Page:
Not only that, but while other advanced economies provided citizens with health insurance and a robust safety net reducing the risks of financial ruin that innovators and entrepreneurs take on, corporations shouldered that burden in America because universal health care is, apparently, socialism. But such benefits were always optional and, now that it’s come time to start paying out those career-employee pensions, the cost of benevolence is crippling and prohibitive. So, as corporations shrink or disintegrate altogether, health coverage, retirement savings and all these “perks” of almost every other advanced economy, disappear. The 401(k) has been an abject failure. I appreciate his directness that employer-sponsored health coverage is an insane idea, especially under a government that, though basically a corporation itself, plans not to provide health care, but rip it from as many people as possible to “protect” the rich.
Now for the irksome stuff. Most of the time, the literal repetitions of text from earlier parts in the book were helpful, since to understand certain sections, you needed more of a background in economics or financial theory than I have. They were also distracting, though; one wonders if the exact same sentence on pages 12 and 94 was intentional.
Davis’ discussion of silver linings felt a bit thin, at times grasping. Open-source software and the radical ease of manufacturing can maybe be beneficial, except that all the “opportunities” for anyone with a car and a smartphone to become “micro-entrepreneurs” are available only to people with a nervous system that can handle hustling all day every day without a break for usually less than minimum wage, no benefits and not even the legal protection that comes with the status of “employee.” Also, as a writer, it’s frustrating that he doesn’t once mention all these amazing conveniences of technological advancement and open-source software that are destroying musicians’ and writers’ ability to make anything like a living with their craft.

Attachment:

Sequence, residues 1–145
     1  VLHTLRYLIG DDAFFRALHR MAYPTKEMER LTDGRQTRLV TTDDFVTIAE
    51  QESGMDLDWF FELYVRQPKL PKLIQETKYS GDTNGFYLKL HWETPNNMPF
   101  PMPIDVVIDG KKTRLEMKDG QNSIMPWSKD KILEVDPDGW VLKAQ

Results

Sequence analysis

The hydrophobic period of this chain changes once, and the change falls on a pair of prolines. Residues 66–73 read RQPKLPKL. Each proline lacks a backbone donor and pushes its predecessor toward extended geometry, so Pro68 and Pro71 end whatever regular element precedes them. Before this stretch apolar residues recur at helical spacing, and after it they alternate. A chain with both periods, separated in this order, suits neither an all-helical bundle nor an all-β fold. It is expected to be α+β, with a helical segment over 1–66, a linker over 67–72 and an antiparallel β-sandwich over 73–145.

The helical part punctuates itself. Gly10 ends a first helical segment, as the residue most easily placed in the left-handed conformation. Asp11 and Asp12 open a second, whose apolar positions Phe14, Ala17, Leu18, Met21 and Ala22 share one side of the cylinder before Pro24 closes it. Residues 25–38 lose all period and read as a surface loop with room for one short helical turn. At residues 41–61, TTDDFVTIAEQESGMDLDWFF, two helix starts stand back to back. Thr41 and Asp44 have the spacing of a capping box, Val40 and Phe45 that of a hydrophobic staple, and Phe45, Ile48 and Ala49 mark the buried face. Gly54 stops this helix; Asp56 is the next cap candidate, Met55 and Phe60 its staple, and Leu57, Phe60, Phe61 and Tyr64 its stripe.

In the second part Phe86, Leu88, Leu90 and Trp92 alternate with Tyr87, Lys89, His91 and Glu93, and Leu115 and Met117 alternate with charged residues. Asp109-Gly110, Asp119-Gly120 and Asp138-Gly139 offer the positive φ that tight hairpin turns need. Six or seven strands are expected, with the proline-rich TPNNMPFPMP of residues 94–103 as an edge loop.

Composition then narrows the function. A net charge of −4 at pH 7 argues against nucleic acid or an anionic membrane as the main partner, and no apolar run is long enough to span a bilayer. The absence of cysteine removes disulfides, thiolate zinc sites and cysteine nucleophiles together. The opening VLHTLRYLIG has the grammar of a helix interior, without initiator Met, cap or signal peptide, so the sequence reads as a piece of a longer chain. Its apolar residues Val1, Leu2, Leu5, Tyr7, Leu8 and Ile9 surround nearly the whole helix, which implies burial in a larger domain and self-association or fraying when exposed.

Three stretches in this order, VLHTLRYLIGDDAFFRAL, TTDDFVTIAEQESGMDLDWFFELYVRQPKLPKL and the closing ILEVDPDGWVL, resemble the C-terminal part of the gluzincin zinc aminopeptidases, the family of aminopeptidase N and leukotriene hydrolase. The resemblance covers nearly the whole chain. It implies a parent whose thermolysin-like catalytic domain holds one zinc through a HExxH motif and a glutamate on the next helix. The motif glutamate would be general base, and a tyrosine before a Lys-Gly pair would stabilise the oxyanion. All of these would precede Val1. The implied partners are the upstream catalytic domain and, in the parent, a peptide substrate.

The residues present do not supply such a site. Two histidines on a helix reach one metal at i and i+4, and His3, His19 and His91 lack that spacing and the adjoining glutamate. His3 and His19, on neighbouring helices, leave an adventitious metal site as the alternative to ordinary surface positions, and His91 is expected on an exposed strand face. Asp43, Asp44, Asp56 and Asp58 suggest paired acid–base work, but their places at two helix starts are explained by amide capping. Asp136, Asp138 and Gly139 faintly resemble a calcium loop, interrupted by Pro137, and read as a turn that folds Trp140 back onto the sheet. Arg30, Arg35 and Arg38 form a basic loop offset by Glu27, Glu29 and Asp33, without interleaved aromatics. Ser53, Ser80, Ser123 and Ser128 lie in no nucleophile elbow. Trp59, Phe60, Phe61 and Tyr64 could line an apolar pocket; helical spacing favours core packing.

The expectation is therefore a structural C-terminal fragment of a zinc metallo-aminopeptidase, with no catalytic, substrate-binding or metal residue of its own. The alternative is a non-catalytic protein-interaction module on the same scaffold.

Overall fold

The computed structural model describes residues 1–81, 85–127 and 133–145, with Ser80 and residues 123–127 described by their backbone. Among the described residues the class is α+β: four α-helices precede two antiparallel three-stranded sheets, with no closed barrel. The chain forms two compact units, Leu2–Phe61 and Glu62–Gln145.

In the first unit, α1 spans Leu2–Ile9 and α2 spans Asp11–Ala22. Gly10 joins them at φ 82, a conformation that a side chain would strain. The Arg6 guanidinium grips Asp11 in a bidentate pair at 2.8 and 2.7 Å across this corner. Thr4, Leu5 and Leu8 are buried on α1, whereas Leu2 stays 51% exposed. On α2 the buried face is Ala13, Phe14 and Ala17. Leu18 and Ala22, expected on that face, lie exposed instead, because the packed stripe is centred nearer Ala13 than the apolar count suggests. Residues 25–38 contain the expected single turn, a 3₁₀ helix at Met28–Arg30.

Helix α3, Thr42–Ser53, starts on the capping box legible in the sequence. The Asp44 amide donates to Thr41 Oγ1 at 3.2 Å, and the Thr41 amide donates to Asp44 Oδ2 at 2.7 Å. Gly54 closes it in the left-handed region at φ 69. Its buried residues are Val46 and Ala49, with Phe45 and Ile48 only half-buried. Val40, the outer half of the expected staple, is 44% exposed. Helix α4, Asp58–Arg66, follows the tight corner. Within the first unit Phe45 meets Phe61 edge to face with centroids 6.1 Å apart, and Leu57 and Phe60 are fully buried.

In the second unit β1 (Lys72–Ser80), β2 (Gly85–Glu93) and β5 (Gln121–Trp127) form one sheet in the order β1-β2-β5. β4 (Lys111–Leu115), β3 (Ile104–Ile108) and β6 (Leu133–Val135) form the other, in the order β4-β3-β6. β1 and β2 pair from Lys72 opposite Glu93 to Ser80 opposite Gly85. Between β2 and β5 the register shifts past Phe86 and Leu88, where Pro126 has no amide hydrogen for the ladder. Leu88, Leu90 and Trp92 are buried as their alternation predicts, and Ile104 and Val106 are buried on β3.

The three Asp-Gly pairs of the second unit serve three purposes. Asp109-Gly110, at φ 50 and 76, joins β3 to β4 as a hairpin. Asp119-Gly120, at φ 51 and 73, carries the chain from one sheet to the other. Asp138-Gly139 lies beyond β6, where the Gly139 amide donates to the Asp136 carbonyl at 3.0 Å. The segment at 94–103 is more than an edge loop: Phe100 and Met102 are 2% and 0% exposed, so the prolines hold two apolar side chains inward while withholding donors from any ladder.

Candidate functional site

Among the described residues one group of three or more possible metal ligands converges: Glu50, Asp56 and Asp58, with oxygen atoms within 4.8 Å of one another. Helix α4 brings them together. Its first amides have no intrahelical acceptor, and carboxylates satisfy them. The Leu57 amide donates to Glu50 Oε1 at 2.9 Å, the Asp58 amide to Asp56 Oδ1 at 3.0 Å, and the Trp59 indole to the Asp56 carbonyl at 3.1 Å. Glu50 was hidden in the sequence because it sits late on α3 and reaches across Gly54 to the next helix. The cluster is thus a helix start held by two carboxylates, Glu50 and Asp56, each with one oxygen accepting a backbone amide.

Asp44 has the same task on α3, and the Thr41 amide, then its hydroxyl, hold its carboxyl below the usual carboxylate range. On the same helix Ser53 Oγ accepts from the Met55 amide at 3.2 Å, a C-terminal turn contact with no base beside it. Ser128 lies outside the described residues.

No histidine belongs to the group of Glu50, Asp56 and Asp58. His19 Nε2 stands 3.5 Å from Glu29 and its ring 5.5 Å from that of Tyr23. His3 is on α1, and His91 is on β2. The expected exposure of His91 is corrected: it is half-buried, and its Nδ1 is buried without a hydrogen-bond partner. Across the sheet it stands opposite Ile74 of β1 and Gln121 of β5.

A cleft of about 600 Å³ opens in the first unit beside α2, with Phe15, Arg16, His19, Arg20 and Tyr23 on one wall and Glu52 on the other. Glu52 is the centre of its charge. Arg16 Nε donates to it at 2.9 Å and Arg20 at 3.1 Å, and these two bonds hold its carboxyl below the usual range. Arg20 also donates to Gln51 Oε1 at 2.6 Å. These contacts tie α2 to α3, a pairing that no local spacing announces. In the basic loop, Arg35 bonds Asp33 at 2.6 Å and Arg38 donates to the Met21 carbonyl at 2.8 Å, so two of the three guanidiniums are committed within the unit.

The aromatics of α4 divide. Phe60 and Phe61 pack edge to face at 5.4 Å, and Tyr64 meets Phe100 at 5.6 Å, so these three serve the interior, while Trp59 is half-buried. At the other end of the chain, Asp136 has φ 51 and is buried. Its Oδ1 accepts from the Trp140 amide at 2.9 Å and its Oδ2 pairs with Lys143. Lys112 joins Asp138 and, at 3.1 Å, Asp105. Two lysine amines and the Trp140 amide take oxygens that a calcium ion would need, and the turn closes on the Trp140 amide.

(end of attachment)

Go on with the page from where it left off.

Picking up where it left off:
After discussing the two ways these massive changes could go — revival of strong, local communities or pervasive ‘Uberization’ (where jobs are completely broken down into tasks we all beg to compete), he closes with some pretty good advice: “Be of service.” (Much better than “follow your passion.”) The problem is that we are creating machines to do all of the service. What I would really like is a mainstream economics book that challenges capitalism. Do we really need a crisis of mass unemployment, and thus mass homelessness, starvation and sickness, to see how relentless automation, the pursuit of artificial intelligence and the worship of technology are incompatible with capitalism?
Davis’ vision of dystopia, which he calls runaway “platform capitalism,” isn’t nearly bad enough. Competing with one another to complete menial tasks for pennies is going to look like a dream when machines can do nearly everything unskilled workers can do and yet those unskilled workers with their pesky bodily needs still need to eat. If even the corporate behemoth is crumbling, why must we assume capitalism is a permanent way of keeping house?
Megan Wildhood is a contributing writer for Real Change, advocate in the mental health community, published poet and essayist living in Seattle.